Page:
How to prepare products for global research

December 2, 2021

Twenty years of global research have taught us (sometimes the hard way) that challenges can arise when prepping devices or other products for international research. When not accounted for, these factors can threaten the validity of insights gleaned from the research, or at minimum introduce unnecessary bias to the data that is collected. While translating product packaging and labeling is easy to acknowledge as important, it is more than just translating text. Other equally important aspects of packaging and labeling design should be considered, including the approach to translation, localization of language, and formatting of text—all of which will vary depending on the international markets in which research will be conducted.

Learning when (and what) to translate

We are often asked if it is “acceptable” to conduct research in English despite the fact that English is not the most common / native language spoken in the markets in which the research will be conducted. There are cases when this is appropriate. For example, a product marketed and/or sold in the English language to a region where that is not the language primarily used should still be tested in English. What is more often the case is that we are asked this question about research to be conducted with a product for which the interface, packaging, and labeling will later be translated to the local language of the market. While this may be necessary for any number of reasons, it is not ideal because it does not adequately simulate the environment in which the product will be used. Future research should be planned with fully translated and localized materials in these cases.

The importance of localization

Localization takes into account the way that text will be understood conceptually by a population even after it has been translated into the local language. Even if the translation of every word on a product interface and its packaging is 100% correct, you can still experience issues related to use because that translation has not been properly localized.

A good example of the importance of localization occurred during research for a blood glucose monitor interface, which was being tested prior to release in China. The interface, including packaging and labeling, had been translated to simplified Chinese and had been put through reverse translations several times to ensure a highly accurate translation, but no research had yet been conducted to localize the terminology. While the term “bolus” had been translated literally to Chinese and was technically accurate, we found during research sessions that it didn’t map to how diabetic patients conceptualized the task of administering treatment and was causing confusion. Instead, they used another term which, when translated back into English, was “three meals.” In the context of how this device was used, the link between that term and “bolus” made perfect sense, but it was not something our team would have ever known or discovered through the process of translation; instead, we had to observe the intended user population interacting with the product to understand it.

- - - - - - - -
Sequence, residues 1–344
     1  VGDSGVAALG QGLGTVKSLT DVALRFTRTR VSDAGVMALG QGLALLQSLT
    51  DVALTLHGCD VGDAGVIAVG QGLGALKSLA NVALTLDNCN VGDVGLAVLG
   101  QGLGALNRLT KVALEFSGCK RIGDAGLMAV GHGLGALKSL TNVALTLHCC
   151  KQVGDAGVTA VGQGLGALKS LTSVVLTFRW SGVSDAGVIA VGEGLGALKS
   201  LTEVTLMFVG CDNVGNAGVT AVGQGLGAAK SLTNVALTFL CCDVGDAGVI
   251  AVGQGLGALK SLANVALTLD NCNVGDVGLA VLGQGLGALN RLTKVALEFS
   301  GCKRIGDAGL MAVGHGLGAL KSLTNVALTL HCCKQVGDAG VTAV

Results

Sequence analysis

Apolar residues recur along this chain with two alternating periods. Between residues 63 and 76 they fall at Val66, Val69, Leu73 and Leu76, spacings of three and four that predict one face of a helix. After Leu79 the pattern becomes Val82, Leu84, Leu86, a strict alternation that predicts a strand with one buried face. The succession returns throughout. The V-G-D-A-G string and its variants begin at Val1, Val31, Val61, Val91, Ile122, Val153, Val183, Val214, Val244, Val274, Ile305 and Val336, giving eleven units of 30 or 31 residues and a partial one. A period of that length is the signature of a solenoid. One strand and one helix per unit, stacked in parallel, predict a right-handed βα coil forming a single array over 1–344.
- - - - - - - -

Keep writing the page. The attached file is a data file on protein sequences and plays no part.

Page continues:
Accuracy of formatting for text and interfaces

In addition to preparing a localized translation, you should apprehend how information needs to be organized within a screen or page for different populations. This applies to how text appears on labels, instructions, and as a part of the device interface itself. A simple example is awareness of languages that are read right-to-left instead of left-to-right, but this could extend to other aspects of text layout as well. Regions have nuanced formatting preferences which can have a big impact on how critical information is read and understood during use.

Beyond a basic translation

Allocating for time during product development to research how product interfaces, packaging, and labeling should be translated, localized, and formatted for local markets will go a long way in ensuring a product can be used safely, effectively, and as intended. Ask questions of local partners to get a perspective on formatting and localization, and plan to conduct preliminary research in local markets to learn about potential linguistic changes that need to be made—not just on the level of accurate translation, but in a way that will map to the population’s conceptual understanding of the text as well.

Don’t miss the other global research blogs in this series for more great tips!

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